much more vulnerable to being omitted, or being performed out of
order.(7) In
such circumstances, it is quite easy to resume work after an
interruption at a more "typical" spot—here, starting the
infusion—since that is more familiar, is not precluded by
omitting the call, and is suggested by the work environment (drug
bottle sitting beside infusion pump but not connected).(8)

The Social Structure

Although much of the writing about emergency
departments concerns biology, the most important things that happen
there are social.(9) We
do not know what the "getting yelled at" episode in this case was,
but we do know that such behavior is common in the health care
workplace and has negative effects on safety and performance. A
2003 survey of nurses and pharmacists reported that almost 90% had
experienced intimidating behavior such as condescending language,
and roughly half had experienced strong verbal abuse or threatening
body language.(10)
Such experiences alter caregivers' behaviors; almost three quarters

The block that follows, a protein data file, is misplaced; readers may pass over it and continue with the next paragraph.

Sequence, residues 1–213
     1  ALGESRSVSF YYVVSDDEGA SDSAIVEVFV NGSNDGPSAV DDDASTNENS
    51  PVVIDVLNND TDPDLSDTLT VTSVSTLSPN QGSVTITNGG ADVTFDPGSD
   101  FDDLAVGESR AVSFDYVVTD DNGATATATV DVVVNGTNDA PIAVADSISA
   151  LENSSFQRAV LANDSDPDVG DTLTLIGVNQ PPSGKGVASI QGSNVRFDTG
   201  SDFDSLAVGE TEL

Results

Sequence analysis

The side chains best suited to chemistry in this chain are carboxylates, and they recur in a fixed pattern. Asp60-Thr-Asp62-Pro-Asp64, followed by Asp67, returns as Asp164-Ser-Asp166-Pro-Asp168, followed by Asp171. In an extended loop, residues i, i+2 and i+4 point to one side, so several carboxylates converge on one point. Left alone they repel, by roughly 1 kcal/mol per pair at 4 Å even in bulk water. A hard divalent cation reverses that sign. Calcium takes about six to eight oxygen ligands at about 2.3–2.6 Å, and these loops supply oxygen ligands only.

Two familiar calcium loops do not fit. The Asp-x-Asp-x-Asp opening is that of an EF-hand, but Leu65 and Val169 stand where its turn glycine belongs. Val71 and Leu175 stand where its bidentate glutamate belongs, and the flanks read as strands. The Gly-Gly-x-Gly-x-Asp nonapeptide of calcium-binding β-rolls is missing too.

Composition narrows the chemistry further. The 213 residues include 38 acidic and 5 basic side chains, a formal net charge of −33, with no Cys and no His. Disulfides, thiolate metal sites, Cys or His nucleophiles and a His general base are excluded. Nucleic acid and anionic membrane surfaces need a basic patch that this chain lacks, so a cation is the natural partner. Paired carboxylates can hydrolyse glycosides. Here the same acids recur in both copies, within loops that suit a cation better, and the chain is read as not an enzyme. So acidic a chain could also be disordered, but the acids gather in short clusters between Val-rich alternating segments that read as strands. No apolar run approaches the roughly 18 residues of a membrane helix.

of respondents reported deviating from normal procedures in order
to avoid having to deal with a problematic provider. In addition,
nurses routinely seek advice from those socially close to them,
rather than from those best positioned to solve the
problem.(11)
The nurse in this situation did not feel that she could speak up;
this reinforces authority
gradients and inhibits the flow of potentially important
information.(12)
The aviation industry has institutionalized specific training to
prevent this from happening.(13)
The training focuses on flattening hierarchies and providing
appropriate assertion tools for those lower in authority. For those
higher in authority, the focus is on avoiding potentially
intimidating behaviors and on actively eliciting information from
others. Similar efforts have begun in some areas of health care
(14),
but have yet to be implemented in a comprehensive and sustained